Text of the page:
In recent months I had been in a funk that almost touched on depression for several different reasons. Because of this I decided to call my old college buddy, Ralph Pinkerton, a writer from Fort Hawke (the home of the Lost Highway and the supposed home of a creature with black wings that the locals have nicknamed the Vampire).
He has stated publicly he is a recovering alcoholic and I consider him almost a scholar in Alcoholic’s Anonymous (AA) Big Book. I knew he always offered a certain perspective on life, the universe and everything. And one day he was kind enough to hear me complain. You see, my wife and I were borrowing a car from a friend, because we were far from being able to afford a new one.
“This is not how this was supposed to turn out,” I said to Ralph.
“How was it supposed to be?”
“I was supposed to be a famous journalist, comic book writer or screenwriter with, at least, my own car,” I said. (Granted there were several other things I was annoyed about, but for the sake of this blog I wanted to focus on that one issue).
He was quiet for a long, long moment.
“I have always said there are two things that I deal with that can be applied to you,” he said.
“I have always said I need to have more faith in my God and myself,” he said.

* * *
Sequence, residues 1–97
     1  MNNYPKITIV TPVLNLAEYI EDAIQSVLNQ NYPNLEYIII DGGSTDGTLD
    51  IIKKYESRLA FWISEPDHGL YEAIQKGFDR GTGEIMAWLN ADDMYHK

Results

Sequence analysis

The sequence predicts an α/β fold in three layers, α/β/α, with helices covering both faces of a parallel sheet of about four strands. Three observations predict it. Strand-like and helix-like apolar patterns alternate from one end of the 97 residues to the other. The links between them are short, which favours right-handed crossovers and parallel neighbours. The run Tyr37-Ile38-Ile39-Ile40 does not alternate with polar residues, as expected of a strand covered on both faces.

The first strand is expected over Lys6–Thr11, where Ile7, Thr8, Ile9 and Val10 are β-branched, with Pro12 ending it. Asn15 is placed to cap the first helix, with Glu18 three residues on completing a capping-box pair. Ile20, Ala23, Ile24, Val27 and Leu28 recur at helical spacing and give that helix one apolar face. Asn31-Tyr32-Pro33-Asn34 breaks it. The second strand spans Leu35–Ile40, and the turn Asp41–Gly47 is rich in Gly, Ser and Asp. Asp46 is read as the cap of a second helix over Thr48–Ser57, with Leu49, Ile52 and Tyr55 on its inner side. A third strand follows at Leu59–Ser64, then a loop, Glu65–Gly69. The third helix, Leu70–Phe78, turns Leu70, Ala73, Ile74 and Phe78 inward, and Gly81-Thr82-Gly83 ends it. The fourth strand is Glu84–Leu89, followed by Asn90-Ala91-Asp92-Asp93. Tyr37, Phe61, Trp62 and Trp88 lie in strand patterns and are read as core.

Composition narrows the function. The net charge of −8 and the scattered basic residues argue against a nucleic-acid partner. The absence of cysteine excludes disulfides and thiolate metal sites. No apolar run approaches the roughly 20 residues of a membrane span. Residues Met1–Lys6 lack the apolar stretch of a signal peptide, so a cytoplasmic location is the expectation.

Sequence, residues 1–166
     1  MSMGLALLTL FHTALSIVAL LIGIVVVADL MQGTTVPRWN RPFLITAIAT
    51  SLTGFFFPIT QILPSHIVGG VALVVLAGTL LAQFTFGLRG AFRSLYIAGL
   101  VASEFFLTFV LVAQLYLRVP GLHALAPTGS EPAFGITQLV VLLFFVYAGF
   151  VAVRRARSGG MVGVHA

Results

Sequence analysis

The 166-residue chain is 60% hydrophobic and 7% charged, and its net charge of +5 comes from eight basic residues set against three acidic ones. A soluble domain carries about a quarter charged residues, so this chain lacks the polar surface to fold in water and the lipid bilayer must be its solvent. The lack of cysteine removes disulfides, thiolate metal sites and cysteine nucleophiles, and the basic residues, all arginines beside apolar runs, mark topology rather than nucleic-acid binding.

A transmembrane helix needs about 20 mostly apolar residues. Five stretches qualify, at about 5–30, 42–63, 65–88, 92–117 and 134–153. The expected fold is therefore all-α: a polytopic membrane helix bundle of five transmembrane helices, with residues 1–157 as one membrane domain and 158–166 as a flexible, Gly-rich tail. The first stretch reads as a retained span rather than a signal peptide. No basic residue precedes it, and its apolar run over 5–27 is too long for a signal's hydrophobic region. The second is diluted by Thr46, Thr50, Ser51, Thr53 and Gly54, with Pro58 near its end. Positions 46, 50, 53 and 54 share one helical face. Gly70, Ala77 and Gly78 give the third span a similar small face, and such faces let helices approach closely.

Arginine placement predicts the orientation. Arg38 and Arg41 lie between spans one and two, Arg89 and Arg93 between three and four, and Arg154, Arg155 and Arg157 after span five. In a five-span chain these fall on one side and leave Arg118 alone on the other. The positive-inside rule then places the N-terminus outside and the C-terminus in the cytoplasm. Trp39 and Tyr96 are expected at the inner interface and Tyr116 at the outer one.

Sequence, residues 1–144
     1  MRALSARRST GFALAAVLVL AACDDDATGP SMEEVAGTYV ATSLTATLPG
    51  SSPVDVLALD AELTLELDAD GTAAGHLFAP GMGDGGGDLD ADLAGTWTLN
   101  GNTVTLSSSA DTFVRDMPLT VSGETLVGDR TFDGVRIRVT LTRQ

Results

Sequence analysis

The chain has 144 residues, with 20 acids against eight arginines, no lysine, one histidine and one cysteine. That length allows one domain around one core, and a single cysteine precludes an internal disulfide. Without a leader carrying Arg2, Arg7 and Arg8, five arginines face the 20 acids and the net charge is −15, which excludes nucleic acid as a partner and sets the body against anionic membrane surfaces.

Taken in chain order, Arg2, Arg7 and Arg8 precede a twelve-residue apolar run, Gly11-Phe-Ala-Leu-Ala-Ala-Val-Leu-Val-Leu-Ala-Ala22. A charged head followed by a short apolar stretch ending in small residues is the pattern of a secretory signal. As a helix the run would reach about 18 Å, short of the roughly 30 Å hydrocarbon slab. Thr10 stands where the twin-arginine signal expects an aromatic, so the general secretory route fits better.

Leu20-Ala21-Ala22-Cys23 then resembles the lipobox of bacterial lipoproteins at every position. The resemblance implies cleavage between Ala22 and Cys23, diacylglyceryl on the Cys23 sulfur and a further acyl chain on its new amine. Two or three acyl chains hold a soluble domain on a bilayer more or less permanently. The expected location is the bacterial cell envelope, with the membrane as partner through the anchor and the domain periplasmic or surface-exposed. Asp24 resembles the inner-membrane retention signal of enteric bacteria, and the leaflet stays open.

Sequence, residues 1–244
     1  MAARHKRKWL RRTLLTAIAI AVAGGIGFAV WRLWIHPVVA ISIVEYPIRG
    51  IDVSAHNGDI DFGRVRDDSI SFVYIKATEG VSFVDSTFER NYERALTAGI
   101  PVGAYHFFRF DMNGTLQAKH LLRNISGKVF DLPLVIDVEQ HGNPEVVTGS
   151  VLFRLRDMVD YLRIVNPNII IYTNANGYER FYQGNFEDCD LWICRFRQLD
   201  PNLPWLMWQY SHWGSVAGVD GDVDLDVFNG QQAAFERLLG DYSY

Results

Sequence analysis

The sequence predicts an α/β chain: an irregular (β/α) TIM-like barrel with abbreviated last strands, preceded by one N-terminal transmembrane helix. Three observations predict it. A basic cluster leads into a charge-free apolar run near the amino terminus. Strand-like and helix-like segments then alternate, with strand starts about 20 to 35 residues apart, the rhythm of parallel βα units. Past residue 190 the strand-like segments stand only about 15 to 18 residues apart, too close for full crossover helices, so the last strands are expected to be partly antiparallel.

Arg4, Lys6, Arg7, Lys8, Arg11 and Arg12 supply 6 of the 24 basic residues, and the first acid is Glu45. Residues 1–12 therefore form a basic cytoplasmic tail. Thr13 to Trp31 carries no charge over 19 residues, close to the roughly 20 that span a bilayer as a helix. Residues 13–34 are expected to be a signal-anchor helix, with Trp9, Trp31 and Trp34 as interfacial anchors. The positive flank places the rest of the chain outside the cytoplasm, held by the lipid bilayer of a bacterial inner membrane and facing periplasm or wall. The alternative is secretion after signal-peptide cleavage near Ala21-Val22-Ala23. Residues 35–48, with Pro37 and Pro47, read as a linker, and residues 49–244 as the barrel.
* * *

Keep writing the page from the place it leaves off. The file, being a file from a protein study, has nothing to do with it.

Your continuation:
Without turning this into a discussion of theology, psychologists have said belief in a Higher
Power and prayer help people live happier lives. Check out this April 2013 article about a study
from McLean Hospital in Belmont, Massachusetts:
“Let me quote from the Twelve Steps of A.A. ‘Made a decision to turn our will and or lives over
to the care of God as we understood Him’,” Ralph said.
I had to admit that I had not done that.
Then Ralph asked me, “Do you believe in yourself?”
I had to admit, again, that I was not. Many of the issues I deal with today result from feelings
about myself after several years of elementary school peer victimization.
Or as some psychologists put it – “being bullied.”
“It is time to do something about that,” Ralph said. “Pick one small task and accomplish it.”
He also added, “Do yourself a favor, and keep a sense of humor. It will fill in the cracks left
when your faith in God and yourself is weak.”
I thanked him. I wish I could say I applied it perfectly to my life, but I do my best.
The first I act I did was making my bed. Just accomplishing that one thing was able to help me
feel a little bit better about myself and this led to other positive things.
Look what my wife and I were able to pick up this weekend thanks to the help and knowledge of
several friends: While this is not the end of all my issues and problems, it is, I believe with God’s help, some belief in myself, a ton of assistance from my friends and the love of my wife Laura, it is a new
|c. Don Smith|
Sometimes, that is all we need.
Thanks, Brooke, for the spot!